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Protocols in ecological and environmental plant physiology

 

Article << Previous     |     Next >>   Contents Vol 55(3)

Phylogeography provides an evolutionary context for the conservation of a diverse and ancient flora

M. Byrne

Science Division, Department of Environment and Conservation, Locked Bag 104, Bentley Delivery Centre, WA 6983, Australia. Email: margaretb@calm.wa.gov.au
 
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Abstract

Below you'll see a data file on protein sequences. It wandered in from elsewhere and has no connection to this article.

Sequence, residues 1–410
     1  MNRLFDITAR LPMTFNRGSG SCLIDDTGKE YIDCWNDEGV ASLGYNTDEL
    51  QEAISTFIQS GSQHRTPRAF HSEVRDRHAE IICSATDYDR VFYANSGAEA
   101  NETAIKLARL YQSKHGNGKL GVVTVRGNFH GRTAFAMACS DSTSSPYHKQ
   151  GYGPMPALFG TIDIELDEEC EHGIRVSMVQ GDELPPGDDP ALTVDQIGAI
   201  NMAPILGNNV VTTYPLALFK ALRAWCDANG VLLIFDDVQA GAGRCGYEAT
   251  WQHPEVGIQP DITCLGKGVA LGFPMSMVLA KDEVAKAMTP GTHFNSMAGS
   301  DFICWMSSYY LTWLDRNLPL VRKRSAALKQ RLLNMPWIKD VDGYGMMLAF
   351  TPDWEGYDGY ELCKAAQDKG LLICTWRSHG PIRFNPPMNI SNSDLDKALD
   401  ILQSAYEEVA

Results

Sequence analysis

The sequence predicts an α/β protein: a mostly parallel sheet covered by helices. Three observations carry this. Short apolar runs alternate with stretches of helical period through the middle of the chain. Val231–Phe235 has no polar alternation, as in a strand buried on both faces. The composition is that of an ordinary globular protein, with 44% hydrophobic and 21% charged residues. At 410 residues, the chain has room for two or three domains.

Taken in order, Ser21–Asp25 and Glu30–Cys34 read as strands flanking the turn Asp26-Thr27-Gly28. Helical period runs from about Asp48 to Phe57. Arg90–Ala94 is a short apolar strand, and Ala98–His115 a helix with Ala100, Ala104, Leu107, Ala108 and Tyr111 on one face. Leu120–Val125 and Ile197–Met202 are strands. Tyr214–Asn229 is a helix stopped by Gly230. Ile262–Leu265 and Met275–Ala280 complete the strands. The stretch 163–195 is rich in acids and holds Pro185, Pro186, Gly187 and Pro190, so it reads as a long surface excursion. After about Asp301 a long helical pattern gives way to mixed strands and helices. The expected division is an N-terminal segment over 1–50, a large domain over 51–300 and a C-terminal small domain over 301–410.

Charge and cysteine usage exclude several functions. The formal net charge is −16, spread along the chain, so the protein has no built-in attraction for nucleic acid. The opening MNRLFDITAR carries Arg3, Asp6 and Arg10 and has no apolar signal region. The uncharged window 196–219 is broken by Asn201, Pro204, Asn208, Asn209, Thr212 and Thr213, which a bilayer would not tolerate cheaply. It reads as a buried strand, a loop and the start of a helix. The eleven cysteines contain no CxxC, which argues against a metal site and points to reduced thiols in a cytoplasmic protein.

Phylogeography can inform conservation strategies through assessment of genetic diversity that incorporates an evolutionary perspective, and allows evaluation within a geographical context, thus providing integration with other biogeographical information. Comparative phylogeography can identify significant historical processes that have had major influences on the biota and provides a historical context for understanding current species distributions. The phylogeographic patterns in the flora of south-western Australia are reviewed. Concordant patterns of lineage divergence in three unrelated taxa from separate families with widespread distributions indicate a common response to major historical processes involved in Pleistocene climatic fluctuations. Identification of highly divergent haplotypes in some species indicates areas that may represent refugia during times of climatic instability. Analysis of phylogeographic patterns in the flora of south-western Australia has revealed the influence of historical climate change in promoting high phylogenetic diversity within species that is comparable to the high species diversity that is well known in the Western Australian flora. Knowledge of historical influences and species responses provides an evolutionary context for conservation management strategies that facilitate the continued action of dynamic evolutionary processes.

   
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